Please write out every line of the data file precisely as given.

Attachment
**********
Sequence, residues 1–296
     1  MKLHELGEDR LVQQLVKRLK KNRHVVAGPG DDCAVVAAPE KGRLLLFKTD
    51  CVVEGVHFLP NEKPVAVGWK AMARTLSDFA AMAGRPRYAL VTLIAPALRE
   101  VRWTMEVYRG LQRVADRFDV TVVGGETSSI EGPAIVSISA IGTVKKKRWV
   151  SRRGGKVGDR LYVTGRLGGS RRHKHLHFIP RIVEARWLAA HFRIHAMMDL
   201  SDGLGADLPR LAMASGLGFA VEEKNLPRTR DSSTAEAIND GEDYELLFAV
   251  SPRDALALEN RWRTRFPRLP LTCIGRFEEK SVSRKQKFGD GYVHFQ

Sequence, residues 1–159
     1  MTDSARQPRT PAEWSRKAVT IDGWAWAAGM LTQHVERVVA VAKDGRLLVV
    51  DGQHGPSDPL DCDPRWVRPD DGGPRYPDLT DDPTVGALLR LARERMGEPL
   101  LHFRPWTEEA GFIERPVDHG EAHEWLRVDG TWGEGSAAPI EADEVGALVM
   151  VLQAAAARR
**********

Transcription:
Sequence, residues 1–296
     1  MKLHELGEDR LVQQLVKRLK KNRHVVAGPG DDCAVVAAPE KGRLLLFKTD
    51  CVVEGVHFLP NEKPVAVGWK AMARTLSDFA AMAGRPRYAL VTLIAPALRE
   101  VRWTMEVYRG LQRVADRFDV TVVGGETSSI EGPAIVSISA IGTVKKKRWV
   151  SRRGGKVGDR LYVTGRLGGS RRHKHLHFIP RIVEARWLAA HFRIHAMMDL
   201  SDGLGADLPR LAMASGLGFA VEEKNLPRTR DSSTAEAIND GEDYELLFAV
   251  SPRDALALEN RWRTRFPRLP LTCIGRFEEK SVSRKQKFGD GYVHFQ

Sequence, residues 1–159
     1  MTDSARQPRT PAEWSRKAVT IDGWAWAAGM LTQHVERVVA VAKDGRLLVV
    51  DGQHGPSDPL DCDPRWVRPD DGGPRYPDLT DDPTVGALLR LARERMGEPL
   101  LHFRPWTEEA GFIERPVDHG EAHEWLRVDG TWGEGSAAPI EADEVGALVM
   151  VLQAAAARR